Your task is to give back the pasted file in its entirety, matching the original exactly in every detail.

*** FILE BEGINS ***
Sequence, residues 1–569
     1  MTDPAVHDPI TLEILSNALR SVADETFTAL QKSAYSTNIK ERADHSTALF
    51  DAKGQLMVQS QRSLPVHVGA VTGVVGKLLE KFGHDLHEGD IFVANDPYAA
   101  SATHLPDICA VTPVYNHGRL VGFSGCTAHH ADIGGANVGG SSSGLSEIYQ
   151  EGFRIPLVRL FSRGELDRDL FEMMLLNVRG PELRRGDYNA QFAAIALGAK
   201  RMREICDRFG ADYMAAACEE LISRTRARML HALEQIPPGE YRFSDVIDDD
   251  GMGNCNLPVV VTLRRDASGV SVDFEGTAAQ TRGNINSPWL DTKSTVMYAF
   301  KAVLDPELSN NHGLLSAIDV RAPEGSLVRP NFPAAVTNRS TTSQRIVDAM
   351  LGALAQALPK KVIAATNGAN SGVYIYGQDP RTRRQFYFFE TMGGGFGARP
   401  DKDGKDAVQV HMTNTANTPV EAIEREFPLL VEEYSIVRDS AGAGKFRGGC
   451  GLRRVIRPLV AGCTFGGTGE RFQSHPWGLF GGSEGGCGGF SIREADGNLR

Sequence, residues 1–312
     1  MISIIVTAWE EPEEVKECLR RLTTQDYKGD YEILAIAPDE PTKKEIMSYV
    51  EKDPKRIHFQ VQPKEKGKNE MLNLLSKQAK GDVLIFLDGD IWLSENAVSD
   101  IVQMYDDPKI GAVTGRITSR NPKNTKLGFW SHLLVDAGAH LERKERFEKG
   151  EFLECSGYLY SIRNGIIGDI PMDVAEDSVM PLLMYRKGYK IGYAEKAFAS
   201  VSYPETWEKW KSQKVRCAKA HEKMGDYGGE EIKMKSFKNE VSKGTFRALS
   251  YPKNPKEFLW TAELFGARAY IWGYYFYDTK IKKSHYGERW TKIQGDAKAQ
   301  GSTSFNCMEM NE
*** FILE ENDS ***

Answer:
Sequence, residues 1–569
     1  MTDPAVHDPI TLEILSNALR SVADETFTAL QKSAYSTNIK ERADHSTALF
    51  DAKGQLMVQS QRSLPVHVGA VTGVVGKLLE KFGHDLHEGD IFVANDPYAA
   101  SATHLPDICA VTPVYNHGRL VGFSGCTAHH ADIGGANVGG SSSGLSEIYQ
   151  EGFRIPLVRL FSRGELDRDL FEMMLLNVRG PELRRGDYNA QFAAIALGAK
   201  RMREICDRFG ADYMAAACEE LISRTRARML HALEQIPPGE YRFSDVIDDD
   251  GMGNCNLPVV VTLRRDASGV SVDFEGTAAQ TRGNINSPWL DTKSTVMYAF
   301  KAVLDPELSN NHGLLSAIDV RAPEGSLVRP NFPAAVTNRS TTSQRIVDAM
   351  LGALAQALPK KVIAATNGAN SGVYIYGQDP RTRRQFYFFE TMGGGFGARP
   401  DKDGKDAVQV HMTNTANTPV EAIEREFPLL VEEYSIVRDS AGAGKFRGGC
   451  GLRRVIRPLV AGCTFGGTGE RFQSHPWGLF GGSEGGCGGF SIREADGNLR

Sequence, residues 1–312
     1  MISIIVTAWE EPEEVKECLR RLTTQDYKGD YEILAIAPDE PTKKEIMSYV
    51  EKDPKRIHFQ VQPKEKGKNE MLNLLSKQAK GDVLIFLDGD IWLSENAVSD
   101  IVQMYDDPKI GAVTGRITSR NPKNTKLGFW SHLLVDAGAH LERKERFEKG
   151  EFLECSGYLY SIRNGIIGDI PMDVAEDSVM PLLMYRKGYK IGYAEKAFAS
   201  VSYPETWEKW KSQKVRCAKA HEKMGDYGGE EIKMKSFKNE VSKGTFRALS
   251  YPKNPKEFLW TAELFGARAY IWGYYFYDTK IKKSHYGERW TKIQGDAKAQ
   301  GSTSFNCMEM NE